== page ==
Smart Meters and In-Home Displays to Encourage Water Conservation through Behavioural Change

Urbanization, population growth, climate change and the current increase in water demand have made the adoption of innovative demand management strategies crucial to the water industry. Water conservation in urban areas has to be improved by encouraging consumers to adopt more sustainable habits and behaviours. This includes informing and educating them about their households’ water consumption and advising them about ways to achieve significant savings on a daily basis. This paper presents a study conducted in the context of the European FP7 WISDOM Project. By integrating innovative Information and Communication Technologies (ICT) frameworks, this project aims at achieving a change in water savings. More specifically, behavioural change will be attempted by implementing smart meters and in-home displays in a trial group of selected households within Cardiff (UK). Using this device, consumers will be able to receive feedback and information about their consumption but will also have the opportunity to compare their consumption to the consumption of other consumers and similar households. Following an initial survey, it appeared necessary to implement these in-home displays in a way that matches consumer's motivations to save water. The results demonstrated the importance of various factors influencing people’s daily water consumption. Both the relevant literature on the subject and the results of our survey therefore led us to include within the in-home device a variety of elements. It first appeared crucial to make consumers aware of the economic aspect of water conservation and especially of the significant financial savings that can be achieved by reducing their household’s water consumption on the long term. Likewise, reminding participants of the impact of their consumption on the environment by making them more aware of water scarcity issues around the world will help increasing their motivation to save water. Additionally, peer pressure and social comparisons with neighbours and other consumers, accentuated by the use of online social networks such as Facebook or Twitter, will likely encourage consumers to reduce their consumption. Participants will also be able to compare their current consumption to their past consumption and to observe the consequences of their efforts to save water through diverse graphs and charts. Finally, including a virtual water game within the display will help the whole household, children and adults, to achieve significant reductions by providing them with simple tips and advice to save water on a daily basis. Moreover, by setting daily and weekly goals for them to reach, the game will expectantly generate cooperation between family members. Members of each household will indeed be encouraged to work together to reduce their water consumption within different rooms of the house, such as the bathroom, the kitchen, or the toilets. Overall, this study will allow us to understand the elements that attract consumers the most and the features that are most commonly used by the participants. In this way, we intend to determine the main factors influencing water consumption in order to identify the measures that will most encourage water conservation in both the long and short term.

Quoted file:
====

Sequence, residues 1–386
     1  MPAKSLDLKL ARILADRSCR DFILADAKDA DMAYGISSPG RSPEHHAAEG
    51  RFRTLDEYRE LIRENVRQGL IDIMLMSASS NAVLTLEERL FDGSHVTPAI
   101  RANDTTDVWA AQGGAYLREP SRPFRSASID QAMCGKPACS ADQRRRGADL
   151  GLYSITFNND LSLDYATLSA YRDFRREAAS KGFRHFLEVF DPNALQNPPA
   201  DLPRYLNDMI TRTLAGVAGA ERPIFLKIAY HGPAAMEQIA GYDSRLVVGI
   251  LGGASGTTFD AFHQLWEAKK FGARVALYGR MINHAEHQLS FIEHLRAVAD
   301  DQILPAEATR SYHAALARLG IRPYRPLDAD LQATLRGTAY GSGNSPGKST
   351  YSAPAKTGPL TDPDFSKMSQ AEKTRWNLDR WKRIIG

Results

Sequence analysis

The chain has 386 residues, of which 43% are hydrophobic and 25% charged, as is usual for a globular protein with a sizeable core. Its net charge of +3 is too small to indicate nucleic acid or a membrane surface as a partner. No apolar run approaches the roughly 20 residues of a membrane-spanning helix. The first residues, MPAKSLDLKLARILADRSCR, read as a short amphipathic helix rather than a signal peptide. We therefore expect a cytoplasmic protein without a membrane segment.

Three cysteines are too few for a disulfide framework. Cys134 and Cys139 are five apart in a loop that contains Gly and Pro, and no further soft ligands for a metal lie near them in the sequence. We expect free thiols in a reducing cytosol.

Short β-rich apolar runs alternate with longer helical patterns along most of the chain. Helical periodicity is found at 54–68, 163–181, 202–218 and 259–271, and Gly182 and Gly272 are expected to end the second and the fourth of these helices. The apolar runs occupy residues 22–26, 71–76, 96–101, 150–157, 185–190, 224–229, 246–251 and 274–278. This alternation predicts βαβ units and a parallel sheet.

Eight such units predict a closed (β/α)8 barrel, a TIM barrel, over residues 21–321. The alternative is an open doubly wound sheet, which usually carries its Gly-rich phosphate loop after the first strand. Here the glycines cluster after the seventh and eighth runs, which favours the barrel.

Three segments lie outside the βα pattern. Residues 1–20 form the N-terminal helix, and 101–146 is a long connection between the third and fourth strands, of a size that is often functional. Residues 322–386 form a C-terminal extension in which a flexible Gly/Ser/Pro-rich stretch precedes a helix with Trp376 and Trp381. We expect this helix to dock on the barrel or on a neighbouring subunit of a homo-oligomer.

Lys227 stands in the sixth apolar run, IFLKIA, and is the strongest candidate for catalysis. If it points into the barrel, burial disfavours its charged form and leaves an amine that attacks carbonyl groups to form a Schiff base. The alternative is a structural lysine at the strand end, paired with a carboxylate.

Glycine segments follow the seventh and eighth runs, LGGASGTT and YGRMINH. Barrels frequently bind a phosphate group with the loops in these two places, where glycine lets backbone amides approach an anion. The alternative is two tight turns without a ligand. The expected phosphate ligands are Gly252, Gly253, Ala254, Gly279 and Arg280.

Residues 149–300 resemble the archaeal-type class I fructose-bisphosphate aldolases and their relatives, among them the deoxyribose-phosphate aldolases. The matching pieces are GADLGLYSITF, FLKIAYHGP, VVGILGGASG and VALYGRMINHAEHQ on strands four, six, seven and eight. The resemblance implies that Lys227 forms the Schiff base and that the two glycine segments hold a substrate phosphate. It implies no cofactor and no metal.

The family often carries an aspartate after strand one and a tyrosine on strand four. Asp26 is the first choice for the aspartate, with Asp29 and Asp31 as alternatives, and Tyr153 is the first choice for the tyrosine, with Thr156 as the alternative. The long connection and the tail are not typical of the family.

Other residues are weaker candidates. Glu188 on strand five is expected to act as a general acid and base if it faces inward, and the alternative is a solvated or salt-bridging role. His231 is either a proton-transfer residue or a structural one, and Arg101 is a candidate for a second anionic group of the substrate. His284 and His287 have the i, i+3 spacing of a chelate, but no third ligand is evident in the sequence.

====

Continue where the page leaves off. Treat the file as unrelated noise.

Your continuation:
Assessing the Global Water Productivity of Some Irrigation Command Areas in Iran

The great challenge of the agricultural sector is to produce more crop from less water, which can be achieved by increasing crop water productivity. The modernization of the irrigation systems offers a number of possibilities to expand the economic productivity of water and improve the virtual water status. The objective of the present study is to assess the global water productivity (GWP) within the major irrigation command areas of I.R. Iran. For this purpose, fourteen irrigation command areas where located in different areas of Iran were selected. In order to calculate the global water productivity of irrigation command areas, all data on the delivered water to cropping pattern, cultivated area, crops water requirement, and yield production rate during 2002-2006 were gathered. In each of the command areas it seems that the cultivated crops have a higher amount of virtual water and thus can be replaced by crops with less virtual water. This is merely suggested due to crop water consumption and at the time of replacing crops, economic value as well as cultural and political factors must be considered. The results indicated that the lowest GWP belongs to Mahyar and Borkhar irrigation areas, 0.24 kg m-3, and the highest is that of the Dez irrigation area, 0.81 kg m-3. The findings demonstrated that water management in the two irrigation areas is just efficient. The difference in the GWP of irrigation areas is due to variations in the cropping pattern, amount of crop productions, in addition to the effective factors in the water use efficiency in the irrigation areas.